Liam Farrell: Problem solved, the GP has arrived

The buck stops with us; we are the ones who have to make the final call, to throw the last dice. Taking responsibility is a part of what we are, and it leaves us open to abuse and manipulation.

There is a scene in The Lord of the Rings where all the wizards and warriors have gathered to decide how to get rid of the Ring, which can be only destroyed in the fire of Mount Doom after a dangerous, probably suicidal journey.

Each of the obvious candidates has a plausible excuse why they cannot take on this dangerous task themselves, and there is much nervous shuffling of the feet before Frodo volunteers. Immediately everyone brightens up. 'You da man,' they say, but 'problem solved', is what they are thinking.

And boy, could I sing a few bars of that. I remember being called out to an individual who was being rather violent. In the days of the Troubles, calling the police was not an option and they wouldn't come anyway in case some of our local freedom fighters were around; GPs were the easy option. Just a hint of suggestion of a bit of chest pain and we have to visit, patients know these things.

When I arrived, welcomed by the cherry sound of smashing crockery, broken furniture lay everywhere, although the TV and video remained miraculously untouched.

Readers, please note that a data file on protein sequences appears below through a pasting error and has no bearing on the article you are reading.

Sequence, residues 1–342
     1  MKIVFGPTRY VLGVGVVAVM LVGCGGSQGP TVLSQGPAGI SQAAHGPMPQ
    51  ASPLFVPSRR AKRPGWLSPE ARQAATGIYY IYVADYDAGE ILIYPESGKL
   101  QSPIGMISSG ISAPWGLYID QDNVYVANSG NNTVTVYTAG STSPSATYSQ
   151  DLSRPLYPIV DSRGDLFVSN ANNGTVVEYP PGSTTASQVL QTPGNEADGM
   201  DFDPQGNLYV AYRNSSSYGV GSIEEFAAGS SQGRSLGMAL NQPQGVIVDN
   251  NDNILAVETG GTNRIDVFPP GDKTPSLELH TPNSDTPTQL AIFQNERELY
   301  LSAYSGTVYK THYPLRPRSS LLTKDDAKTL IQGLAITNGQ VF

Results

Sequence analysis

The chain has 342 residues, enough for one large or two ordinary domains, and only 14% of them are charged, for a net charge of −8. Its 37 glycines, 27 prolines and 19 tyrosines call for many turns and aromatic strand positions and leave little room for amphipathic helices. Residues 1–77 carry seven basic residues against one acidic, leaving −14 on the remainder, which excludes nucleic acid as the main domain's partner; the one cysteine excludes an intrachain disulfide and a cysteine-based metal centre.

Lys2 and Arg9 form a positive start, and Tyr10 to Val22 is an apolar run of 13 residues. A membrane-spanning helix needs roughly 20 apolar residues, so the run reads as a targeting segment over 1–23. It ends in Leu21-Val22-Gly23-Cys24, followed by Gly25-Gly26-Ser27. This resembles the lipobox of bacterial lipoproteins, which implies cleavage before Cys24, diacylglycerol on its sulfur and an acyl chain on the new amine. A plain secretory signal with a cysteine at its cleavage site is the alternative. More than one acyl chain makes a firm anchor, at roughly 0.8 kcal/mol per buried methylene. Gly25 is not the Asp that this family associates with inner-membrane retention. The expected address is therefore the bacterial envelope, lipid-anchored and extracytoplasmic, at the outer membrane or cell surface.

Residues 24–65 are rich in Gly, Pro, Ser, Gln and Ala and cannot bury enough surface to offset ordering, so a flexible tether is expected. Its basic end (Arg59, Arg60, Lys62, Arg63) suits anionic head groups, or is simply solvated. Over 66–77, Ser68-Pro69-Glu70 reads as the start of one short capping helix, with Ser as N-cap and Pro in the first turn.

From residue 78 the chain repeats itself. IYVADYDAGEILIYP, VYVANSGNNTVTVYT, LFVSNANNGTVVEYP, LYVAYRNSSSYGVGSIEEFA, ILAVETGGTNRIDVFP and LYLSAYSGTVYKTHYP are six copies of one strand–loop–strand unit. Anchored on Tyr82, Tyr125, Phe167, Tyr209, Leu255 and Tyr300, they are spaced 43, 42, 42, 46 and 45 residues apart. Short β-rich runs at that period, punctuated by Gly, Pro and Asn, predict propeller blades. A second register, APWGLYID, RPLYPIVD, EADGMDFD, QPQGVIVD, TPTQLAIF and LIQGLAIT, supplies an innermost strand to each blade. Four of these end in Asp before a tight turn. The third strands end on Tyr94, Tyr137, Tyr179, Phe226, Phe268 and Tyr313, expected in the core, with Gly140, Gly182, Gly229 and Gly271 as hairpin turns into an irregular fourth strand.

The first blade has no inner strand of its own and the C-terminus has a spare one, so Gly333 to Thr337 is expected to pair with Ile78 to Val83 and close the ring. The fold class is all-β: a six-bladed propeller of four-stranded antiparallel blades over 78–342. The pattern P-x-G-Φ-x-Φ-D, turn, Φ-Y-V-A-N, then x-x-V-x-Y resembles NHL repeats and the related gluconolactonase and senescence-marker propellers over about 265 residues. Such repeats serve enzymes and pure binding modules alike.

Knowing a sucker when they see one, the relatives disappeared, leaving me alone with an apparently deranged psychopath. I knew immediately, of course, that he was no psychotic (undamaged TV and video, remember?), so I was able to talk him down (aided by a soupcon of physical intimidation), and persuade him to take a sedative until the ambulance arrived.

Needing a glass of water for the sedative, I went into the kitchen, where I found all the decamped relatives enjoying a nice cup of tea, with egg sandwiches and freshly baked scones, and talking about football.

The Problem Had Been Solved, the buck had been passed and the whole atmosphere was quite convivial, but when I entered the conversation ceased. Shouldn't I be back out in the war-zone, the unspoken innuendo.

'I'll be going now,' I said. A frisson of alarm ran through the crowd; was I leaving, and was it their problem again? But patients are resourceful. 'Doctor, I've an awful pain in my chest,' said one.

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